Mitt Romney found to be in good physical health
Mitt Romney’s physician described the Republican presidential nominee as an “energetic, strong, physically fit” man who looks younger than his age in a letter released Friday that offered the first glimpse into the state of the candidate’s health.
Dr. Randall D. Gaz, who practices at Massachusetts General Hospital and has been Romney’s personal physician since 1989, said the former Massachusetts governor has “no physical impairments that should interfere with his rigorous and demanding political career” or his hopes of becoming the next president.
“He has shown the ability to be engaged in multiple, varied, simultaneous activities requiring complex mental, social, emotional, and leadership skills,” Gaz wrote in the letter released on Romney’s campaign website. “He is a vigorous man who takes excellent care of his personal physical health. He has reserves of strength, energy, and stamina that provide him with the ability to meet unexpected demands.”
The letter outlining Romney’s condition was posted Friday along with one from the physician of Romney’s running mate, Rep. Paul D. Ryan — who was described as being in excellent physical health — at the same time that the campaign released Romney’s long-awaited 2011 tax returns.
Gaz noted that the candidate’s family has a history of cardiac arrhythmias, heart attack and prostate cancer. He recommended that Romney continue to have regular examinations to guard against those conditions, including lipid blood testing and cardiac evaluation to monitor his heart rhythm. During an examination in early August, Gaz said, his cardiac exam showed a regular slow rhythm.
The doctor, who is part of Massachusetts General’s general and gastrointestinal surgery department, listed several medical conditions for Romney: hyperlipidemia with stable, mild triglyceride elevation at 179 (a slightly high amount of fat in the blood); minimally symptomatic benign prostatic hypertrophy (a mild enlargement of the prostate); and sinus bradycardia (a lower-than-average base line heart rate), but said Romney’s condition was without palpitations, chest pain or shortness of breath.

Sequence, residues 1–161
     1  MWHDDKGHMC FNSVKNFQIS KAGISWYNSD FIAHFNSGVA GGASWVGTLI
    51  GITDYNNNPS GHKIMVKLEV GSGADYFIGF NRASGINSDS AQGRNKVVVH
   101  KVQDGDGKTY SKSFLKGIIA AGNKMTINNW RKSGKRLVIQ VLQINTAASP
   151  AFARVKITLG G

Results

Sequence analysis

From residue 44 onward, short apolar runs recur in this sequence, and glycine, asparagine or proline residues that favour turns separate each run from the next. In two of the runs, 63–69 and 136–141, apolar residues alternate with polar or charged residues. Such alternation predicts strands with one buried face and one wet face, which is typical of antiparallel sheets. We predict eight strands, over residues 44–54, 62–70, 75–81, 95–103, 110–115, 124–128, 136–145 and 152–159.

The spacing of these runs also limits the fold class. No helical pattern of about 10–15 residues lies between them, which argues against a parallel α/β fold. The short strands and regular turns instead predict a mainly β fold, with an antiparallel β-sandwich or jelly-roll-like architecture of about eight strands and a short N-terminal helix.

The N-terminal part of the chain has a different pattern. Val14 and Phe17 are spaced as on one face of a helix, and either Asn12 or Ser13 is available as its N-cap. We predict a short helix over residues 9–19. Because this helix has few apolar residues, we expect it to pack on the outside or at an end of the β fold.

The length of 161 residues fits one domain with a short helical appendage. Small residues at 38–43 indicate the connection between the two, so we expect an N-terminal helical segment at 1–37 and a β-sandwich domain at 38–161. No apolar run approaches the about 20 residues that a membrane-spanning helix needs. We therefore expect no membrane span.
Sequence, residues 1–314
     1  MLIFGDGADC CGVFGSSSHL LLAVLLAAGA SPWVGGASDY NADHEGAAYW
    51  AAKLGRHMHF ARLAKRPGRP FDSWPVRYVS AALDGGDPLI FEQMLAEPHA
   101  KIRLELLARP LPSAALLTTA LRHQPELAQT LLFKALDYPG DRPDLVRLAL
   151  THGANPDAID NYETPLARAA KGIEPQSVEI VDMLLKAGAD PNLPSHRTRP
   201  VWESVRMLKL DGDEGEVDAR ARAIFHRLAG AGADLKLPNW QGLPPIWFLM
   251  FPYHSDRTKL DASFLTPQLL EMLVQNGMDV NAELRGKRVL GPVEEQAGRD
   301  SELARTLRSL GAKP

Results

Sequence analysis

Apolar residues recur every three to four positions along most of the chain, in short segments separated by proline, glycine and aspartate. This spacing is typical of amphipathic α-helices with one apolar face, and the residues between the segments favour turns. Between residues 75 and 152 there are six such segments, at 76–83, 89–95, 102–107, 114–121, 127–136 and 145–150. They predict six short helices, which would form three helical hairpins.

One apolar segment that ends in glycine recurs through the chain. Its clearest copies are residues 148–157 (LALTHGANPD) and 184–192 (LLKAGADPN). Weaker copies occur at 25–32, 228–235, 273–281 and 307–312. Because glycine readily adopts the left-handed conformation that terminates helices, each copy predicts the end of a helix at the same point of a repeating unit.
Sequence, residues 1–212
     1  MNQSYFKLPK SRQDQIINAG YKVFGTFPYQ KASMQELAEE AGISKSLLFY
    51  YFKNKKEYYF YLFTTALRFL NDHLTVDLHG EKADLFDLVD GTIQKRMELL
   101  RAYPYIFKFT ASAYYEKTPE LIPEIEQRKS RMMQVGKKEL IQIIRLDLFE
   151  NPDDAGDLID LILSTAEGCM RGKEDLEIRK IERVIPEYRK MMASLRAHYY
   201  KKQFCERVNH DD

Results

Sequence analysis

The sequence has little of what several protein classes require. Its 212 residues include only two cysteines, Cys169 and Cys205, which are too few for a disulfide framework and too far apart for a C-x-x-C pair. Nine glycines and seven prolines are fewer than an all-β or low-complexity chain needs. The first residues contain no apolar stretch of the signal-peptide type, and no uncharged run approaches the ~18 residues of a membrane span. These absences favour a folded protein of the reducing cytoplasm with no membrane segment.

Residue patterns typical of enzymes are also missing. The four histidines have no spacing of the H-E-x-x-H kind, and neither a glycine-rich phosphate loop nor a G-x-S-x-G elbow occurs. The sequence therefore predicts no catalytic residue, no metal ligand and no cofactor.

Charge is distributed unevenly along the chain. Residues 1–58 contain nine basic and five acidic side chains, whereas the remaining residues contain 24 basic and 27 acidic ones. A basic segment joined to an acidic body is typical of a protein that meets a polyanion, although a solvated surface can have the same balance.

The candidate, who celebrated his 65th birthday in March with his wife’s “meatloaf cakes,” takes two medications daily: a low-dose aspirin and 10 milligrams of Lipitor, a drug intended to lower cholesterol. His high-fiber diet includes an abundance of fruits and vegetables and he avoids “concentrated sweets,” Gaz said (without mentioning Romney’s favorite indulgences of peanut butter and honey sandwiches and peanut M&Ms;). Romney does not drink or smoke in adherence to his Mormon faith.
The August exam measured Romney’s resting heart rate at 40, rising to 107 with stress, and his blood pressure was 130/80, according to the letter. Gaz reported that Romney has a “slow, resting, regular heart rate in the 40s” that is “most likely related to his past intensive exercise with regular running.”
The candidate makes time for early-morning cross-training workouts at the gym on the campaign trail, and used to run three miles daily before he was forced to cut back because of a condition known as Plantar fasciitis, an inflammation of the thick tissue connecting the heel bone to the toes that is common in runners.
Romney and his wife, Ann, enjoy athletic pursuits such as swimming and biking when staying at their vacation home on the shore of New Hampshire’s Lake Winnipesaukee. Romney has put younger aides to shame during water skiing expeditions on the lake.
He also competes with his five sons each year in what the family calls the “Romney Olympics,” which includes contests in beach volleyball, log-sawing and hanging from a bar over the lake until their arms give out. Romney also occasionally joins Ann, an accomplished equestrian, for trail rides that have helped her cope with her multiple sclerosis diagnosis.
Ryan, 42, was a personal trainer before he entered politics and is a strict adherent of the P90X workout, a blend of muscle development and cross-training. Ryan has said he maintains body fat of 6% to 8% and leads morning workouts on Capitol Hill.
In a separate letter released Friday, Ryan’s doctor said that the Wisconsin congressman follows a “heart-healthy diet,” a “vigorous aerobic and strength building” exercise regimen and drinks alcohol infrequently. Ryan’s physician said the vice presidential nominee’s blood pressure was “well controlled” at 121/62 and that his heart rate was measured at 59 beats per minute.
Ryan occasionally uses an inhaler, and his father’s side of the family has a history of early onset coronary artery disease. Ryan has a herniated disc in his lower back and knee trouble, but overall, the physician said, the congressman is in “excellent” health.